You may have noticed we’re all about the Bell & Ross AeroGT collection this week. After all, who didn’t spend their childhood creating jet-inspired cars, and imagining a world in which they could exist. Seriously, how much fun must B&R have had working on the AeroGT – and extending the concept out into two very cool watches. We’ve already reviewed the the three-handed BR03-92, but so far we’ve only given you a quick taste of the chronograph with our 60-second video. Now it’s time for a little more focus.
Let’s cut to the chase. This watch is all about the dial. Or rather, the lack of it. The skeletonised dial is at the heart of the AeroGT’s appeal. Rather than opt for something ornate, Bell & Ross has gone for a more brutal approach, with lots of straight lines and machined finishes. It’s an effect that’s entirely on-brand, and brings to mind a racing team removing all superfluous elements from their car in an effort to reduce weight and increase performance. And just in case all the weight-savings aren’t enough, Bell & Ross has added some go-faster details – chronograph indicators and date arrow. Nice elements that break up the otherwise monochromatic colour scheme.
If the dial is fresh, the case is classic Bell & Ross – its square case inspired by airplane instrument panels only adding to the dial’s industrial look. Thanks to the shape, the AeroGT wears larger than the 42mm measurement might suggest, though it’s very comfortable thanks to the short lugs. The chronograph pushers and crown fit neatly into the design of the case, and the red start pusher and matching crown tube add an extra speedy touch, while the four (functional) bezel screws serve as the cherries on top.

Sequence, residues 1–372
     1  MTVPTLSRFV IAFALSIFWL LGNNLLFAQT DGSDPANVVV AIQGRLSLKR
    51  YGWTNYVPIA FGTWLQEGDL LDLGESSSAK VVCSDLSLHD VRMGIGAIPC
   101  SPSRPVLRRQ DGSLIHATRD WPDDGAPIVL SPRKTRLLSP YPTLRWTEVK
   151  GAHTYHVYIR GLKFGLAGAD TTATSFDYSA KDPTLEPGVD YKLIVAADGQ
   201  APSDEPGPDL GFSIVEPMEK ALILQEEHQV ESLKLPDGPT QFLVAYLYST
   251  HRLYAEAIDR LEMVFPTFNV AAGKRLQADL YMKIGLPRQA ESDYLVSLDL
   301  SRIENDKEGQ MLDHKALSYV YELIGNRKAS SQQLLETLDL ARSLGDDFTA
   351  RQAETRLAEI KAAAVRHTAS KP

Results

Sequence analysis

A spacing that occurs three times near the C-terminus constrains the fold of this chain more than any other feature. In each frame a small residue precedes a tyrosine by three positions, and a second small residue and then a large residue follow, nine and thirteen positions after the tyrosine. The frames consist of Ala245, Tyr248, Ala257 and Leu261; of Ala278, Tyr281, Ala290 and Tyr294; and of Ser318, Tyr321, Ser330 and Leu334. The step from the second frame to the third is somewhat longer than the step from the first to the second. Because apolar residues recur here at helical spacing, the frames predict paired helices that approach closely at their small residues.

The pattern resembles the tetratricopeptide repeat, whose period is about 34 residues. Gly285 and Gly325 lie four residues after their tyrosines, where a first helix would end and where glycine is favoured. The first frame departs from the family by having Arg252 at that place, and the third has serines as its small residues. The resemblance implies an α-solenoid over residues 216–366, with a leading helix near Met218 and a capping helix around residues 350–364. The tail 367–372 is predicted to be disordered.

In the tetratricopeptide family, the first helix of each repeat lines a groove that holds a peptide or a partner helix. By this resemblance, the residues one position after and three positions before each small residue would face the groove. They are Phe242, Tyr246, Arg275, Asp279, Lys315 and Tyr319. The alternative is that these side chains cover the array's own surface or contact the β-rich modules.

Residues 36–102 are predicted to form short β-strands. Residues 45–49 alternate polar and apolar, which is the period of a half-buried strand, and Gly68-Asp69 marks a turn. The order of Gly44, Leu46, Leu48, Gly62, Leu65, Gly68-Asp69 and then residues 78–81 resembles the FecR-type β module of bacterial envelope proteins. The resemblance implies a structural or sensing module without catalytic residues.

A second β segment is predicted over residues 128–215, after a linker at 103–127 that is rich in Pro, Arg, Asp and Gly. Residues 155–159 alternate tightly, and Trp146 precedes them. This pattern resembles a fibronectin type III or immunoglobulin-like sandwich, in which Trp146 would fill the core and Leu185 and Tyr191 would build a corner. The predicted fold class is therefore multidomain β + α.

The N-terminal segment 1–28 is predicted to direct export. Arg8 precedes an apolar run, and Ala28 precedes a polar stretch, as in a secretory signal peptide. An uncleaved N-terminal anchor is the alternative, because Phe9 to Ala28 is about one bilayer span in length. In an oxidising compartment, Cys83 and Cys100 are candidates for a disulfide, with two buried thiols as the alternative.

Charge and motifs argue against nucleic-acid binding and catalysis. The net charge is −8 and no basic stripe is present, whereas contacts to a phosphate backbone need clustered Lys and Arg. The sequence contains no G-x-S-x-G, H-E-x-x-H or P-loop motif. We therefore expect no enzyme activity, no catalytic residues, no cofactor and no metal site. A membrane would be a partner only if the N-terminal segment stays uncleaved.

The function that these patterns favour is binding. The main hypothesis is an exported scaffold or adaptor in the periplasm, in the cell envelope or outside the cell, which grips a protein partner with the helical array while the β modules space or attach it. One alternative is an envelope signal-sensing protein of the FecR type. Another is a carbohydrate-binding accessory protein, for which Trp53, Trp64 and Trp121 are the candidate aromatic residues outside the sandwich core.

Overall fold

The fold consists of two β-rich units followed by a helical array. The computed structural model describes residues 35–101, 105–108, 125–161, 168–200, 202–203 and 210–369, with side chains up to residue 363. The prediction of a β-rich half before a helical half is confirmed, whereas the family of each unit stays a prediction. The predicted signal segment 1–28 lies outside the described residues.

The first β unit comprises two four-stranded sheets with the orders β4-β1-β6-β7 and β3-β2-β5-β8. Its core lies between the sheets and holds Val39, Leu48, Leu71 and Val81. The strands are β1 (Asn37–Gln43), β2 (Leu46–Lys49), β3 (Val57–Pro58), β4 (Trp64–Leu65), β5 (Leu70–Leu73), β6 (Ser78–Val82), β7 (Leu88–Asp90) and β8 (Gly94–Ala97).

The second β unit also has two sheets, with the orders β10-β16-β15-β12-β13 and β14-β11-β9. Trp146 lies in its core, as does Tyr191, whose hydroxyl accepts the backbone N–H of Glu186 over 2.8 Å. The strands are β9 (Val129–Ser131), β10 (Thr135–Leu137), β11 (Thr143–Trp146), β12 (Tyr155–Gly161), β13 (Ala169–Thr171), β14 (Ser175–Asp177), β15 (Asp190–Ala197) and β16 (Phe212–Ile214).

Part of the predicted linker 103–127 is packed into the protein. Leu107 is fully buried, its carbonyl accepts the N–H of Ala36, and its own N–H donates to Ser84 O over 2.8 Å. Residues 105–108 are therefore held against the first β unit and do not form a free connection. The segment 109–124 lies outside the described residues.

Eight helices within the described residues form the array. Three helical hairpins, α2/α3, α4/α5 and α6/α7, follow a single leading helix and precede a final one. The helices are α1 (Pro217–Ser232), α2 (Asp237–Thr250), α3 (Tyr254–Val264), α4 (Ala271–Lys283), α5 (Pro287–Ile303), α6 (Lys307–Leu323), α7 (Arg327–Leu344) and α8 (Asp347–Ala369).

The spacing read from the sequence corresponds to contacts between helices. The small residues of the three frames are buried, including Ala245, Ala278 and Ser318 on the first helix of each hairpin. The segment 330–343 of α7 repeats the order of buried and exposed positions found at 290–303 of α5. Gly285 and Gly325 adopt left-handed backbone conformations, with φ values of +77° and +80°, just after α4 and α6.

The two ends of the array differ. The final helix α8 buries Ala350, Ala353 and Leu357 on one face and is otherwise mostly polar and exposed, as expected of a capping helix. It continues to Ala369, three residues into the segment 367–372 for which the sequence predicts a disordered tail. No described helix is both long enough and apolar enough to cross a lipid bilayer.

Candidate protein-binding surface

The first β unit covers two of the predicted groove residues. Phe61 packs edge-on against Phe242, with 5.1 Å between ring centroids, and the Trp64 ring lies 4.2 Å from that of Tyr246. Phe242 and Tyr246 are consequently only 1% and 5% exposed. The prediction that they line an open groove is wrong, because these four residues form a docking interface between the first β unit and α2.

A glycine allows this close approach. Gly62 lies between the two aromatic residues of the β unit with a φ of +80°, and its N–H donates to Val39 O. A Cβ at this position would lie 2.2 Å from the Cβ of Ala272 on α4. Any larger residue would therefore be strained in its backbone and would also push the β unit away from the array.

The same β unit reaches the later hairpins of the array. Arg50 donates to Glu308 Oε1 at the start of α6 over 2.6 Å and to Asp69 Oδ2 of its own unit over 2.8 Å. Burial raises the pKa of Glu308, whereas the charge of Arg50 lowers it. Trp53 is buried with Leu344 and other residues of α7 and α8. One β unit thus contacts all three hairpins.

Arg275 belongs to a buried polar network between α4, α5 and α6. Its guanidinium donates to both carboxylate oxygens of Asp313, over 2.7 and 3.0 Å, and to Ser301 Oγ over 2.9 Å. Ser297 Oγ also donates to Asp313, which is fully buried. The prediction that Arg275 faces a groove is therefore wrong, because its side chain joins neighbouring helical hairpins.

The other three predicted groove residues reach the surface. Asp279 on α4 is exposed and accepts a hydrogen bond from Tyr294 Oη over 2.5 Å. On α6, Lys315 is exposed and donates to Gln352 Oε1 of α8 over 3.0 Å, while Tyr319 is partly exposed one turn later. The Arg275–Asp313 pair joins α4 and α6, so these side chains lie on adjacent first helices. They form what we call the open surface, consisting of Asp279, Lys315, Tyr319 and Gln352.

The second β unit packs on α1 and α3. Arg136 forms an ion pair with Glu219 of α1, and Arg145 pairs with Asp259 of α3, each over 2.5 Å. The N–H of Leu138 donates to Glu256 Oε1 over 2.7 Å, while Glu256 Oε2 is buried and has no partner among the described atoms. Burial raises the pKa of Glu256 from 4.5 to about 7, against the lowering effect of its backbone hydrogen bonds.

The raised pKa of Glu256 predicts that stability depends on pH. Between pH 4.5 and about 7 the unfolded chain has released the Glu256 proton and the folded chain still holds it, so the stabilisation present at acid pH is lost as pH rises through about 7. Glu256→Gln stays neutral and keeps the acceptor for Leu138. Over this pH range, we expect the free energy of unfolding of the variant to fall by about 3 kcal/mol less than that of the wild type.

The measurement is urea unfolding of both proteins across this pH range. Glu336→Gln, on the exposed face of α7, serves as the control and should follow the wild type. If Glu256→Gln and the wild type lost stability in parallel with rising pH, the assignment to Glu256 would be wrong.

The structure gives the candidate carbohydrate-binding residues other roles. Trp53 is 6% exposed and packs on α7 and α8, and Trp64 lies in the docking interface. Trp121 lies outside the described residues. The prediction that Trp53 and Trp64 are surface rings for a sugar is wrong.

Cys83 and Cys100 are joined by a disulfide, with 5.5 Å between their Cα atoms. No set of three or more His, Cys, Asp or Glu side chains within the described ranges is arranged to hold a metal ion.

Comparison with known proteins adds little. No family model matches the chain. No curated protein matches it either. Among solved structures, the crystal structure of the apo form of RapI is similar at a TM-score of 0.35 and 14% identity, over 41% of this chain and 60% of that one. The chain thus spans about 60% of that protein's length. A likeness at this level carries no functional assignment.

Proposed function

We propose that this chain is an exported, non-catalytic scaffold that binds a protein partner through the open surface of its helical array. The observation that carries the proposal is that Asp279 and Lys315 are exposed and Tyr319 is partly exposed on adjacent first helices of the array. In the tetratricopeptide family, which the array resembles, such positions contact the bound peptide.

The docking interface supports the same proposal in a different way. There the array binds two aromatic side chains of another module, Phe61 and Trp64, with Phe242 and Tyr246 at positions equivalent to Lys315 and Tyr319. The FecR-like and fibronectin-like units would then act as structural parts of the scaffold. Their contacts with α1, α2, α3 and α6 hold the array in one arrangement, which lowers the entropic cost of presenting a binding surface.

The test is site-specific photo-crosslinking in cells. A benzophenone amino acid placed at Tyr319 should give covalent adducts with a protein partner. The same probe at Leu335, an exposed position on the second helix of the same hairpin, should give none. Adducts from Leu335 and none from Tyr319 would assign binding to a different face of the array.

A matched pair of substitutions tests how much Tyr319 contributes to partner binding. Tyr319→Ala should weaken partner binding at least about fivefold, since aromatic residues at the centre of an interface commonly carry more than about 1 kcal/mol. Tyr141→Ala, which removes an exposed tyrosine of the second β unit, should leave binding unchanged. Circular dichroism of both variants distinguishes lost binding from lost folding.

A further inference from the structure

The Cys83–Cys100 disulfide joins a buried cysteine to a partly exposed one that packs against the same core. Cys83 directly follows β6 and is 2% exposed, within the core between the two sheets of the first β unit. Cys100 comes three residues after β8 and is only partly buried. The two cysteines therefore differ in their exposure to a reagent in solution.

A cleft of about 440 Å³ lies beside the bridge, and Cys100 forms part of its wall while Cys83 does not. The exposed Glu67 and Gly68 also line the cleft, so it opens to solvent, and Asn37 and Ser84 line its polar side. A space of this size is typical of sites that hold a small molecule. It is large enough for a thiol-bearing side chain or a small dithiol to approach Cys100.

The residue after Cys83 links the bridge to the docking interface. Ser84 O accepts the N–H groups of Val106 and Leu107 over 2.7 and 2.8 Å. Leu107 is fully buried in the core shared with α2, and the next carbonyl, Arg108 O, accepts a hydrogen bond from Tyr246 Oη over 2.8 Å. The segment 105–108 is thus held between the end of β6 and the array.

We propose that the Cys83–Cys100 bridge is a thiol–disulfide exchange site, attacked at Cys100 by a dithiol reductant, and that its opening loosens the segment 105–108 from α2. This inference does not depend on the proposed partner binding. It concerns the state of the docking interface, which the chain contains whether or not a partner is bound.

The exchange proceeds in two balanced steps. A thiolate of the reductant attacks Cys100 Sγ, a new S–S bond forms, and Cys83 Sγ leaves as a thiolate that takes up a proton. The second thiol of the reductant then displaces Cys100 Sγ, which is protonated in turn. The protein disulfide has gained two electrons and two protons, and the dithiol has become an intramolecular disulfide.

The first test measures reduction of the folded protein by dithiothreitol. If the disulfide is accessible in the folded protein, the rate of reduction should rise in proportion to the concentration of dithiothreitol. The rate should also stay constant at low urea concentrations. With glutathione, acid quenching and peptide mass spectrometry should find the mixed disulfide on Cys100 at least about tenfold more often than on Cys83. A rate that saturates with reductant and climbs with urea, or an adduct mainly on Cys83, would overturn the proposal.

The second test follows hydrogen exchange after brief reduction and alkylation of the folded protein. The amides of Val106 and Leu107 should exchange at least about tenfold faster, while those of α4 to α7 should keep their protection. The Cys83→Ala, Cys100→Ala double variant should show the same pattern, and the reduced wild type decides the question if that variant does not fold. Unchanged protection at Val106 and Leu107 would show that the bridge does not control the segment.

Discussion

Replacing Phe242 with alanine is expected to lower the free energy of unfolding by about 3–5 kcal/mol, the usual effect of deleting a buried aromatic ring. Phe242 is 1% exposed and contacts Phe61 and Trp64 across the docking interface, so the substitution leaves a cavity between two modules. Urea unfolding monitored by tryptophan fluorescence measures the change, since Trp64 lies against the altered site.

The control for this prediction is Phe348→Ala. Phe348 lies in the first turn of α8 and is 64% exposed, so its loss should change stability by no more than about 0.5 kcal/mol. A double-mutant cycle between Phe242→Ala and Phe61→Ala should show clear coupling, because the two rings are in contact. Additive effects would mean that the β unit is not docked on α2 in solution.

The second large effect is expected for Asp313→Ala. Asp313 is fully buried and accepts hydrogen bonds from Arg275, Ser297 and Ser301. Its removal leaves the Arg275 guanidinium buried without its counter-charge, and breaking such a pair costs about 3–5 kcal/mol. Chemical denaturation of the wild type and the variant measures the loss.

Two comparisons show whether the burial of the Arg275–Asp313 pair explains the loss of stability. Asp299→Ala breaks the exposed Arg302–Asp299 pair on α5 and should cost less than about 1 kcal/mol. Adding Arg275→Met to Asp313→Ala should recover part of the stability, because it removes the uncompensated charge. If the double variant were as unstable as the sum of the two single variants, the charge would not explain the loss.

The detailing continues to the thick, padded rally-style calfskin strap with its accents of red piping. It has a slightly vintage feel, which is a little at odds with the ultra-modern look of the watch. But though I would have expected to see a rubber and leather combo instead, the rally strap actually works.
The BR 03-94 AeroGT is powered by the BR-CAL.319, based on an ETA 2894-2. Interestingly the layout of the chronograph is tricompax, with three subdials rather than the two that usually show up on Bell & Ross chronographs. The finishing of the movement is utilitarian – no stripes, no anglage – just lots of plumb lines and straight machine brushing. And again, it works.
In some ways the AeroGT is a clear evolution for Bell & Ross. It’s got the square case, the aviation tie-in, and a clear aesthetic link to the BR-X1 range. But there’s enough novelty in the design (not to mention the car) to be confident that the brand’s love affair with the square isn’t cooling off any time soon.
Want to see what happens when I press this red button?
Who’s it for?
Petrolheads who’ll get a real kick out of a watch based on a totally unavailable concept car.
What would we change?
It might end up looking like overkill, but I can’t help thinking a little more contrast in the movement would look cool. Maybe some red movement parts, or perhaps black?
Bell & Ross BR 03-94 AeroGT Chronograph Australian pricing and availability
The Bell & Ross BR03-94 AeroGT, $13,000, is limited to 500 pieces worldwide.